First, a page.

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Human Trafficking
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The Commercial Sexual Exploitation of Children

In the early years of the 21st Century, 2000 to 2025                  

Kingdom of Eswatini


In this small, landlocked economy, subsistence agriculture occupies approximately 70% of the population. The manufacturing sector has diversified since the mid-1980s. Sugar and wood pulp remain important foreign exchange earners.

With an estimated 40% unemployment rate, Swaziland's need to increase the number and size of small and medium enterprises and attract foreign direct investment is acute. Overgrazing, soil depletion, drought, and sometimes floods persist as problems for the future. More than one-fourth of the population needed emergency food aid in 2006-07 because of drought, and nearly two-fifths of the adult population has been infected by HIV/AIDS.  [The World Factbook, U.S.C.I.A. 2009]

Description: Swaziland

CAUTION:  The following links and accompanying text have been culled from the web to illuminate the situation in Swaziland.  Some of these links may lead to websites that present allegations that are unsubstantiated, misleading or even false.   No attempt has been made to validate their authenticity or to verify their content.



If you are looking for material to use in a term-paper, you are advised to scan the postings on this page and others to see which aspects of child prostitution are of particular interest to you.  You might be interested in exploring how children got started, how they survive, and how some succeed in leaving.  Perhaps your paper could focus on runaways and the abuse that led to their leaving.  Other factors of interest might be poverty, rejection, drug dependence, coercion, violence, addiction, hunger, neglect, etc.  On the other hand, you might choose to write about the manipulative and dangerous adults who control this activity.  There is a lot to the subject of Child Prostitution.  Scan other countries as well as this one.  Draw comparisons between activity in adjacent countries and/or regions.  Meanwhile, check out some of the Term-Paper resources that are available on-line.


Check out some of the Resources for Teachers attached to this website.


Swaziland's Street Urchins

Vuyisile Hlatshwayo, Africa Information Afrique, in Mbabane, Mail & Globe, 21August 1997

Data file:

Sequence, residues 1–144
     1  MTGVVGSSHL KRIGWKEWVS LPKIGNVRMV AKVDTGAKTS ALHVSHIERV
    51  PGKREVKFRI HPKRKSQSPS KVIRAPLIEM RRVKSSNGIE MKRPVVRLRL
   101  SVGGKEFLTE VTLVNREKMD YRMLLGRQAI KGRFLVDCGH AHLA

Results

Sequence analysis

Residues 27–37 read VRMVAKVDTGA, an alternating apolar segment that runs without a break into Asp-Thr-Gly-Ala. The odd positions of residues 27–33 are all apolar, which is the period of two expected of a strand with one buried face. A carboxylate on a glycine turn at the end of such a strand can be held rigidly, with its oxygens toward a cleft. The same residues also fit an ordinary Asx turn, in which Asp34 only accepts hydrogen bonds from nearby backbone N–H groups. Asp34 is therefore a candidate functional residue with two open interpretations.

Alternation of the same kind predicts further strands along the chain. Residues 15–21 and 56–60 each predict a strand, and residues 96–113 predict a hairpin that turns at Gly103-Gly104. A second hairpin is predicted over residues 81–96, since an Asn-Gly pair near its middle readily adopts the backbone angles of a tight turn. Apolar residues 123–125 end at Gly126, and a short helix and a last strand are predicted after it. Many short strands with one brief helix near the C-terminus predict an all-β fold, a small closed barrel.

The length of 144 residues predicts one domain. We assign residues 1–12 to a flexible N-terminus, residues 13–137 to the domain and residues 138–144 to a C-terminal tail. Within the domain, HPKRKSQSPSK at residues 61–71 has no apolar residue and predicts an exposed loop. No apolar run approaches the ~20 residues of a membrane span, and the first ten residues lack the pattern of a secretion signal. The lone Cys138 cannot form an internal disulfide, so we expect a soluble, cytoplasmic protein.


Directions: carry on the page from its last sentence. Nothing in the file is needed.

[accessed 26 July 2011]

Nonhlanhla Hadzebe, a timid seven-year-old says: "The last time I saw my mother and father was when I was very little. I do not know where they are, but I know that they are still alive. At times I sleep without having eaten anything but I cannot complain -- to whom, anyway? I only pray to God that one day my parents will come back so that we can all be a family again."

The study finds that street children are often abused. Police spokesman, Sabelo Dlamini, said that old men sodomize boys often as young as aged nine to thirteen. Many are infected with sexually transmitted diseases. He says the street children are enticed with E10.00 for a sex session. Before the molestation, they are offered glue in order to keep them in "high" spirits during the act.


*** ARCHIVES ***

ECPAT Regional Overview: The Commercial Sexual Exploitation of Children in Africa [PDF]

ECPAT International, November 2014

[accessed 8 September 2020]

Maps sexual exploitation of children in travel and tourism (SECTT), online child sexual exploitation (OCSE), trafficking of children for sexual purposes, sexual exploitation of children through prostitution, and child early and forced marriage (CEFM). Other topics include gender inequality, armed conflicts, natural disasters, migration, and HIV/AIDS.

Human Rights Reports » 2019 Country Reports on Human Rights Practices

U.S. Dept of State Bureau of Democracy, Human Rights, and Labor, March 10, 2020

[accessed 8 September 2020]

SEXUAL EXPLOITATION OF CHILDREN - The SODV Act prohibits commercial sexual exploitation, sale, offering, and procuring of children for prostitution, and practices related to child pornography; conviction of these acts carries strong penalties. Children were occasional victims of sex trafficking and commercial sexual exploitation. The law criminalizes “mistreatment, neglect, abandonment, or exposure of children to abuse” and imposes a statutory minimum of five years’ imprisonment if convicted. Although the law sets the age of sexual consent at 16, the SODV Act provides for a penalty of up to 20 years’ imprisonment for conviction of “maintaining a sexual relationship with a child,” defined as a relationship that involves more than one sexual act with a person younger than 18.